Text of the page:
Blue is far and away the best colour for getting cards into your hand, so much so that Divination – a three-mana sorcery that DRAWS YOU TWO CARDS is a common. A COMMON. And it would be ridiculous to make Divination an uncommon, unless it was in another colour. Blue mages expect their spells to impact the game, and net them some cards in hand. If they don’t, those spells had better be very, very good.

While black is probably second-best at card draw with things like Phyrexian Arena and Necropotence, green is no slouch in this area. Lifeblood Hydra, Harmonize, and Garruk’s Packleader are just a few examples here, and two of these three line up nicely with green’s other strength, creatures. And these are just the first three I thought of; there are tons more options to draw cards in green.

But where blue and green really shine in EDH is when the two combine. Nowhere is this more evident than in the list of Simic generals:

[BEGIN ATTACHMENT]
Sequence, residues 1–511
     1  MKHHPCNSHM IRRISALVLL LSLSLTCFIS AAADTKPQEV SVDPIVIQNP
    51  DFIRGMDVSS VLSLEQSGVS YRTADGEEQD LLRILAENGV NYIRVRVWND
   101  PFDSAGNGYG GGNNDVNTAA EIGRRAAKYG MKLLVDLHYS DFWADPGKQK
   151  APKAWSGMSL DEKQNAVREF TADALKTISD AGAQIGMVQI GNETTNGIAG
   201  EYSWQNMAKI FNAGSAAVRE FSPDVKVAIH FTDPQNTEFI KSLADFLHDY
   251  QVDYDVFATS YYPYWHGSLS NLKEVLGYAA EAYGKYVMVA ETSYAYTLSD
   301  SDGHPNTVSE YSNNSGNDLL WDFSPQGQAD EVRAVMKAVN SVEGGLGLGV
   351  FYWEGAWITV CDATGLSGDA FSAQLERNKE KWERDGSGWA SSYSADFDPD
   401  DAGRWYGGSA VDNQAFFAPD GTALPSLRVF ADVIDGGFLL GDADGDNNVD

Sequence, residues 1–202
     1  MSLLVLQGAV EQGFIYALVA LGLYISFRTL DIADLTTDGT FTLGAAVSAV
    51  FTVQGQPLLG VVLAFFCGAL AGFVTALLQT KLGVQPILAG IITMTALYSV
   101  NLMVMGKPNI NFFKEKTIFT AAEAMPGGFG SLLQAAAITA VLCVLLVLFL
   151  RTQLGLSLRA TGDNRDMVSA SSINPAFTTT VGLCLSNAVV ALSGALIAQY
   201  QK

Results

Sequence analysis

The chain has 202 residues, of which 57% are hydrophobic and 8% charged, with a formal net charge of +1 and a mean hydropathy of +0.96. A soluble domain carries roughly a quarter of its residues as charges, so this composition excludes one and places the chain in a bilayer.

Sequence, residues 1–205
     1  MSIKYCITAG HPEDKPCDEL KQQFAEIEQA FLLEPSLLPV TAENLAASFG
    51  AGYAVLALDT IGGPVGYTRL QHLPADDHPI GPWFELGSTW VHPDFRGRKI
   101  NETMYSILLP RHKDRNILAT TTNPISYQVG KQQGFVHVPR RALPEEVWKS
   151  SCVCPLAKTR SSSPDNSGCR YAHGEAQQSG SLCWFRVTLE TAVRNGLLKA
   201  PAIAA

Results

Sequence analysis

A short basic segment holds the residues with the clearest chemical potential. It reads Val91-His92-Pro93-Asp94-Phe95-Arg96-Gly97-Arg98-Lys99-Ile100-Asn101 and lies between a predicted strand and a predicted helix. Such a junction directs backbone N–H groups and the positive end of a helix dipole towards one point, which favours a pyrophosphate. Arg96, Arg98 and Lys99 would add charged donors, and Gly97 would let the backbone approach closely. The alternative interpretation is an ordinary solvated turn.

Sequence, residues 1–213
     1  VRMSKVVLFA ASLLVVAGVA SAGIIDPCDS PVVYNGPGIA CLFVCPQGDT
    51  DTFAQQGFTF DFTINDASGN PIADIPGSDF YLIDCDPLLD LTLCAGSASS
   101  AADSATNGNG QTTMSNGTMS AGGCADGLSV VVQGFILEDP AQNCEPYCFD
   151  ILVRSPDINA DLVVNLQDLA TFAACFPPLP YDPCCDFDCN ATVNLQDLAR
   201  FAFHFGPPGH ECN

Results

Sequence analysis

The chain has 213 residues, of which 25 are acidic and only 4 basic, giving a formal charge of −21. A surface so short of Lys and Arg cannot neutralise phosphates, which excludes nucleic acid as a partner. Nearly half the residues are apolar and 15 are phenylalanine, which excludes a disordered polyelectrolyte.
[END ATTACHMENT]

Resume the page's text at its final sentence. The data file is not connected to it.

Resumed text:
[Generals] (0)

Edric, Spymaster of Trest (0)

Experiment Kraj (0)

Kruphix, God of Horizons (0)

Momir Vig, Simic Visionary (0)

Prime Speaker Zegana (0)

Vorel of the Hull Clade (0)

[/Generals] (0)

I have built and played every one of these generals, several times each, and each one is amazing. Let’s start with Edric, a card-drawing political machine. Fill your deck with tiny evasive creatures and slowly bleed your opponents to death, all while digging for the answers to the threats they turn on you. Edric is banned as a general in duel commander for a very good reason. He overwhelms tables with pure advantage.